by Peter Wittek (ICFO-The Institute of Photonic Sciences and University of Borås)

It is not only machine learning that is advancing rapidly: quantum information processing has witnessed several breakthroughs in recent years. In theory, quantum protocols can offer an exponential speedup for certain learning algorithms, but even contemporary implementations show remarkable results – this new field is called quantum machine learning. The benefits work both ways: classical machine learning finds more and more applicability in problems in quantum computing.

After a history spanning over five decades, artificial general intelligence still remains out of reach. Machine learning has common roots with AI research, but focuses on more attainable goals and has achieved tremendous success in many application fields. Similarly, a universal quantum computer is still far ahead in the distant future: the criterion for this machine is to be able to simulate an arbitrary closed quantum system. Nevertheless, uses of quantum information processing are proliferating: two notable examples are quantum key distribution systems and quantum random number generators.

Recently, there has been a surge of interest in the intersection of machine learning and quantum information processing. Combining ideas from these two fields leads to tremendous benefits for both. We are collaborating on several subjects in this domain between ICFO-The Institute of Photonic Sciences, the Autonomous University of Barcelona, the University of the Basque Country, all in Spain, as well as the University of Calgary, Canada.

*Figure 1: Overview of the interplay between quantum information processing and machine learning.*

At the highest level, abstracting of the actual algorithms and focusing on the foundations of statistical learning theory, we can ask what it means to learn with quantum data and channels, what induction and transduction mean in this setting, how we can define figures of merit to quantify performance, and eventually establish bounds on generalisation performance using sample and model complexity. We studied supervised learning, and proved that in the asymptotic limit and under an assumption of exchangeability, quantum entanglement does not break our traditional notion of induction [L1]. This is an important stepping stone towards understanding generalisation properties of quantum learning protocols.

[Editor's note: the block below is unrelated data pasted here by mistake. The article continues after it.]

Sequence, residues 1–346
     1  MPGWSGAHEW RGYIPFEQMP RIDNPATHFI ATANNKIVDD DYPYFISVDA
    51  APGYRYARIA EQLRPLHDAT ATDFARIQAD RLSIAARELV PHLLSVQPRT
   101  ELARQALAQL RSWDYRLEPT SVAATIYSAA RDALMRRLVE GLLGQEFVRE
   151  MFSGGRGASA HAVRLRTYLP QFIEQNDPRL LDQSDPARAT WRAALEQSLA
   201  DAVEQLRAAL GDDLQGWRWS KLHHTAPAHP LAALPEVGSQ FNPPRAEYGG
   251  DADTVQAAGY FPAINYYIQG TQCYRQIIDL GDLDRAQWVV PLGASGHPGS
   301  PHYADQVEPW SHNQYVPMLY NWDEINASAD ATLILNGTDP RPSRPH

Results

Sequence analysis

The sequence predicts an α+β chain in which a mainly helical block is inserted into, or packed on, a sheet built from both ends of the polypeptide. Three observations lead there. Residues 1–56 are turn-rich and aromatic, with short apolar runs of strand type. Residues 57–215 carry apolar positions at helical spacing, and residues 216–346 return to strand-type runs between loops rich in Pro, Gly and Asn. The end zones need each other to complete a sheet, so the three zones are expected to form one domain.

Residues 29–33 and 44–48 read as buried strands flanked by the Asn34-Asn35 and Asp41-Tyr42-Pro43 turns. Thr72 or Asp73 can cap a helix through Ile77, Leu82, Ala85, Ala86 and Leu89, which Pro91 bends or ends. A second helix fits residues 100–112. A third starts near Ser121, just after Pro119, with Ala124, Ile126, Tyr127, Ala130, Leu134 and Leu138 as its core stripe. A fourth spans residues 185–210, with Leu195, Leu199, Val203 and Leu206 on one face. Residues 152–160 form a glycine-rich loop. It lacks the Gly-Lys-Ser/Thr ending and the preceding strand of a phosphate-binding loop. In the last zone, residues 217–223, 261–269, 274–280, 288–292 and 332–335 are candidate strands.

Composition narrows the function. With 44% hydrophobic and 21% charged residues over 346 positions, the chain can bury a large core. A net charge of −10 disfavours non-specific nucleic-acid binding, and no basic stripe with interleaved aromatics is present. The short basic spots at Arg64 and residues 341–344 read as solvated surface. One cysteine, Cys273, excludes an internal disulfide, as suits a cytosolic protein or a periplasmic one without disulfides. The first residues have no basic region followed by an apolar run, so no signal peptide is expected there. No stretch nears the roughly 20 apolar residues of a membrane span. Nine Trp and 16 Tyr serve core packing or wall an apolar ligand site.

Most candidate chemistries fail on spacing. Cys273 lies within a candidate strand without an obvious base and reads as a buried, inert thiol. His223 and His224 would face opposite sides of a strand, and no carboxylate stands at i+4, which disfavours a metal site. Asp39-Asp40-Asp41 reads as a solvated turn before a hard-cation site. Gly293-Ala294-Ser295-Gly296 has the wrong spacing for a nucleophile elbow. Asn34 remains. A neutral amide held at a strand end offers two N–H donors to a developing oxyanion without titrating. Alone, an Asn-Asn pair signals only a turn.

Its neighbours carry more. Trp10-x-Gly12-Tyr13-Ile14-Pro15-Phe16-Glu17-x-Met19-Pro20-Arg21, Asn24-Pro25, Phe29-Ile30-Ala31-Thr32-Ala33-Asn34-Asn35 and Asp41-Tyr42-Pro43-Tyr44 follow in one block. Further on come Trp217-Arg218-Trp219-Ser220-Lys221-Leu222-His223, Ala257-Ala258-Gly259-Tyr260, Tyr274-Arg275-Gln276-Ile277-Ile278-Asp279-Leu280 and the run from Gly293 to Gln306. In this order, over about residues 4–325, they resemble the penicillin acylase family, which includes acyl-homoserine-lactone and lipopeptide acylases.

The next natural question to ask is that given a universal quantum computer, what kind of protocols can we use for learning? Many proposals have been put forward, offering up to an exponential reduction in computational complexity [1], but it is worth looking at what is attainable with current technology. Quantum adiabatic optimisation leads the way in this regard; it uses quantum annealing – a physical process resembling the widely used global optimisation heuristic simulated annealing that uses both thermal fluctuations and quantum tunnelling to find the global energy minimum of a system. Scalable quantum annealers already exist, but they are not guaranteed to find a global optimum. On the other hand, the local optima retrieved from such machines closely follows a Gibbs distribution. For this reason, they have been used to train various configurations of Boltzmann machines [2]. Gibbs sampling, however, does not only occur in Boltzmann machines: probabilistic inference in Bayesian networks and Markov random fields makes extensive use of it. Since this a #P problem in general, currently we are looking at how one can match these inference methods with existing implementations.

Using quantum resources in learning is only one side of the coin: we can also employ machine learning using classical computers in common problems that arise in quantum information processing, for instance, in quantum control. Quantum control steers quantum dynamics towards realising specific quantum states or operations, and thus it is an important component in constructing a universal quantum computer. We have been working on a reinforcement learning algorithm to control an adaptive quantum metrology scheme [3], improving noise tolerance and scalability, providing a tool that experimentalists can use [L2, L3].

Our overall vision is that this cross-fertilisation between machine learning and quantum information processing will continue, and that the future of artificial general intelligence and universal quantum computing are intertwined.

**Links:**

[L1] http://arxiv.org/abs/1605.07541

[L2] http://arxiv.org/abs/1607.03428

[L3] https://panpalitta.github.io/phase_estimation/

**References:**

[1] P. Rebentrost, M. Mohseni, S. Lloyd: “Quantum support vector machine for big feature and big data classification”, Physical Review Letters, 2014, 113, 130503.

[2] S. H. Adachi, M. P. Henderson: “Application of Quantum Annealing to Training of Deep Neural Networks”, arXiv:1510.06356, 2015.

[3] A. Hentschel, B. C. Sanders: “Machine Learning for Precise Quantum Measurement”, Physical Review Letters, 2010, 104, 063603.

**Please contact**:

Peter Wittek, ICFO-The Institute of Photonic Sciences, Barcelona, Spain

University of Borås, Borås, Sweden

+34935542237

http://peterwittek.com/